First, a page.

May 15th, 2014

Everyone knows saying goodbye is the hardest part of anything we ever do. It is the end, the point in which what seemed infinite becomes suddenly finite in the most horribly tangible way. This week was the end of my study abroad program and it was heart breaking to say good bye to so many things. Saying goodbye to the people I have come to know and interact on a daily basis, the sights that I see every morning on my way to school, the incredible monuments that I walk by on a usual basis, the places I frequent and all the things that have become essential components of my everyday life.

Saying goodbye began the day I finished my horribly difficult finals and decided to walk the route I take every morning and take pictures of everything and everyone I normally see so I could always remember it the way everything was. The sights that had become so normal that I would very soon no longer have access to except through the shining veneer of a photograph.

My average day starts with walking out of my front door of my top floor apartment building in Prati, the area near the Vatican. Looking down the winding staircase, I wait for the antique elevator to arrive.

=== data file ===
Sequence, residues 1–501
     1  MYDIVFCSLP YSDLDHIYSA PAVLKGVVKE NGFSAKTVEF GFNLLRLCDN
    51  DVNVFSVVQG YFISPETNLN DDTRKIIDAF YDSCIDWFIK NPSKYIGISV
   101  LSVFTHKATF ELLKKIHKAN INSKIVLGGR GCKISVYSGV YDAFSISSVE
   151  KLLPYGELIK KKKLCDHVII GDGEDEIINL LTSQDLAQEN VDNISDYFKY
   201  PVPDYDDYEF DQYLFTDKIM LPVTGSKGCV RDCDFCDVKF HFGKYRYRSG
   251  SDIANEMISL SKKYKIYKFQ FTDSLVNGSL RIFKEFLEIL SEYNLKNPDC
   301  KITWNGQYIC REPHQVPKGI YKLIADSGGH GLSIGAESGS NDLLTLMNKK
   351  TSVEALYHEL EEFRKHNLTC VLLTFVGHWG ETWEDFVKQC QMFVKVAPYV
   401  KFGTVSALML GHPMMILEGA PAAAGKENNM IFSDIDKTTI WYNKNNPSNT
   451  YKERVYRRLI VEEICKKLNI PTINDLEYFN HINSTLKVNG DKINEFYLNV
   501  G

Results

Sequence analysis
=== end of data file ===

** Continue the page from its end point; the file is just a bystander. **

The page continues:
The tiny old elevator that I have come to love so dearly, creaks with the wait of my being and the shutters close with a rattling as the ascensiore comes to life bringing me closer to leaving the apartment.


To leave the apartment building I pass through our communal courtyard that feels like something out of some tropical city on the Mediterranean. A circular fern fountain in the center surrounded by palm trees where a pigeon with two lame feet always sits on the lip of the fountain under the cool shady space of the ferns.Feeling each cobblestone beneath my feet I pass by the fountain out the other door out on to the streets of Prati to begin my walk to the Study Center.


On my walk to class I pass by the old Borges road which is a wide avenue leading to the Vatican lined with cute shops and my favorite ivy covered building above a gelateria.IMG_1024 IMG_1030

Then I cross one of two bridges, one takes me by the Vatican, the other on the bridge below Castel Sant’Angelo which either way leaves me marveling at the towering beauty of the castle and the bridge that stretches below it lined with Bernini sculptures of angels each carrying an aspect of the Passion of Jesus Christ. IMG_1040